Stephen Timms asks the PRA what they are up

Stephen Timms – not to be messed with

Yesterday I wrote about a meeting between the regulatory sub-group of the Treasury Select Committee with members of the PRA and in particular Sam Woods, its Deputy Governor.

On the same day that meeting was going ahead, Stephen Timms sent Sam Woods a letter asking what the PRA was up to. I have no reason to suppose the two events were connected but the letter makes interesting reading in the light of the PRA’s comments in parliament (and my thoughts on those comments)

This letter has now been published on the Work and Pension’s website.

I hope that Sam Woods takes this opportunity to review the statements he made about the potential risks to insurance companies and to the financial system from their participating in superfunds. The member’s risks of superfunds failing , which seem unlikely, fall to the PPF not to the superfund’s shareholders or policy holders, their risks are subordinated. This goes whether the sponsor of the superfund is an insurer or otherwise.

The PPF has some capacity to withstand the financial risk of an occupational scheme failing and so far, the failure of regulators to offer superfund consolidators , commercial opportunities to deal , means that superfunds currently represent no risk to anyone. Risk will only be assumed as and when superfunds capital reserving issues are resolved, the gateway reviewed and a price extraction mechanism agreed.

The risks to Government of superfunds not succeeding are obvious. We will continue to have gross inefficiencies in the management of DB pensions leading to ongoing strain on corporates and little or no opportunity for productive investment in the underlying funds.

Stephen Timms’ letter is pertinent. It stops short of asking Sam Woods whether he and the PRA know what they are talking about, but not far short.

Superfunds are occupational pension schemes, giving PRA regulation of them is tantamount to handing over the keys to TPR’s  Telecom House.

If the Mansion House reforms are to achieve what they set out to, we need consolidation of DB funds (as well as buy-out). We need superfund consolidators and we need them now. The DWP has opened the door, the DB options consultation and the response to the 2018 consultation gives hope. Now TPR needs to catch up. The PRA should take their tanks off the lawn.


About henry tapper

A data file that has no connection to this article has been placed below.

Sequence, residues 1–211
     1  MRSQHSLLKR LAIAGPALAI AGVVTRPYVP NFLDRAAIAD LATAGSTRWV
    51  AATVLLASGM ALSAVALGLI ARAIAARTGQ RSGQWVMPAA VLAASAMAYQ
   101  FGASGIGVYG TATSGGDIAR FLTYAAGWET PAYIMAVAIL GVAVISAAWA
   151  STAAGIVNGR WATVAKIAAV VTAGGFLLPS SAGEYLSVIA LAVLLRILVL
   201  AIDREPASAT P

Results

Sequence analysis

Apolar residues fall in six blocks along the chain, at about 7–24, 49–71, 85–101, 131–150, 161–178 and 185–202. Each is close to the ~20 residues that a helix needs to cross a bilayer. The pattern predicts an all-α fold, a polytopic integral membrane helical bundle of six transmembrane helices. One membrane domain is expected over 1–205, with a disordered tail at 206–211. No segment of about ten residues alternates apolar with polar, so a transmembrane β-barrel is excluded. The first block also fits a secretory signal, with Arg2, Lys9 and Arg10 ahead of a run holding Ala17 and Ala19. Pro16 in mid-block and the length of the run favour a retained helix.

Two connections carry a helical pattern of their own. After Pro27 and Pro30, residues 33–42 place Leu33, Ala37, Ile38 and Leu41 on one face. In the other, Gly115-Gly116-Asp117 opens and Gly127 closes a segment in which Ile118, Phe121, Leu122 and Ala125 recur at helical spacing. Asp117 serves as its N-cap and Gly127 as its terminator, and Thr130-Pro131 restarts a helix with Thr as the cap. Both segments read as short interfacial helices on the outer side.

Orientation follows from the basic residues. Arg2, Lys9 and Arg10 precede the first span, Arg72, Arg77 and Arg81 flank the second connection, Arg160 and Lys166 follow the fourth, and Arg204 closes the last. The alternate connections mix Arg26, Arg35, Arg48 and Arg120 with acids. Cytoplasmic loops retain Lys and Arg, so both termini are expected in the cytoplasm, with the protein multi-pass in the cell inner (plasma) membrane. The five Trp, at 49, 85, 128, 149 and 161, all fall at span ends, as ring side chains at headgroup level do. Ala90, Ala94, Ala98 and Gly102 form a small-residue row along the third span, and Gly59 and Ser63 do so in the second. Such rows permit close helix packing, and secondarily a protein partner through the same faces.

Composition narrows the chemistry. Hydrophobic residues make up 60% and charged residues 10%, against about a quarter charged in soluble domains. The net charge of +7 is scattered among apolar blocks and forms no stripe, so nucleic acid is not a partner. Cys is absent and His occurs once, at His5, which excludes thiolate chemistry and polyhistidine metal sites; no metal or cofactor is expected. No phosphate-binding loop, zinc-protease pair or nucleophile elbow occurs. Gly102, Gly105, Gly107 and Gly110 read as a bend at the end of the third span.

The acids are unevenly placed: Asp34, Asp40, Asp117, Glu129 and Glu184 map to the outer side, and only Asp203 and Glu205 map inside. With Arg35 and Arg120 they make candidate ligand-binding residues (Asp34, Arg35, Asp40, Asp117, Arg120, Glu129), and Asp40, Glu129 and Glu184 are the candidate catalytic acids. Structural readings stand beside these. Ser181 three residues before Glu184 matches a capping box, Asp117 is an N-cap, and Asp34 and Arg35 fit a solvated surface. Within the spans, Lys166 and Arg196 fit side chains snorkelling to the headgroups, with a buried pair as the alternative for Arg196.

Founder of the Pension PlayPen,, partner of Stella, father of Olly . I am the Pension Plowman
This entry was posted in pensions and tagged , , , , . Bookmark the permalink.

1 Response to Stephen Timms asks the PRA what they are up

  1. jnamdoc says:

    Agreed with you are saying Henry. But it will be a challenge. TPR is over-resourced behemoth looking for a mandate, but its staffed by the industry and thinks like an insurer, for the insurers. Its not at all clear where the intellectual challenge comes from at an under-resourced DWP, and one can barely sense a fag-paper of difference between their thinking and what they are fed by the TPR.

    Employers have been moved aside or warned off DB over the last two decades under TPR attitude and, other than for the likes of the RPS (and USS to a limited extent – the members’ action and pleas against the previous deliberate self-destructive Scheme Valuation went largely ignored by the Trustees), there is little collective voice for the members – the end result is that a huge pot of pension value has virtually no representation from the intended relevant stakeholders (i.e. the sponsors, workers, members) – it has thus become treated as a roasting hog for the industry to feed off.

    Surely there MUST be something put into the TPR’s remit to actually seek to improve/enhance/increase retirement outcomes for DB (and DC) members? History will show their current remit and approach (i.e. pension = risk, employer = bad, remove both from the equation) to have been truly destructive and divisive for the provision of a half decent pension for working people. Things can only change, get better, if the remit is changed – then they might start to engage positively with employers and members.

Leave a Reply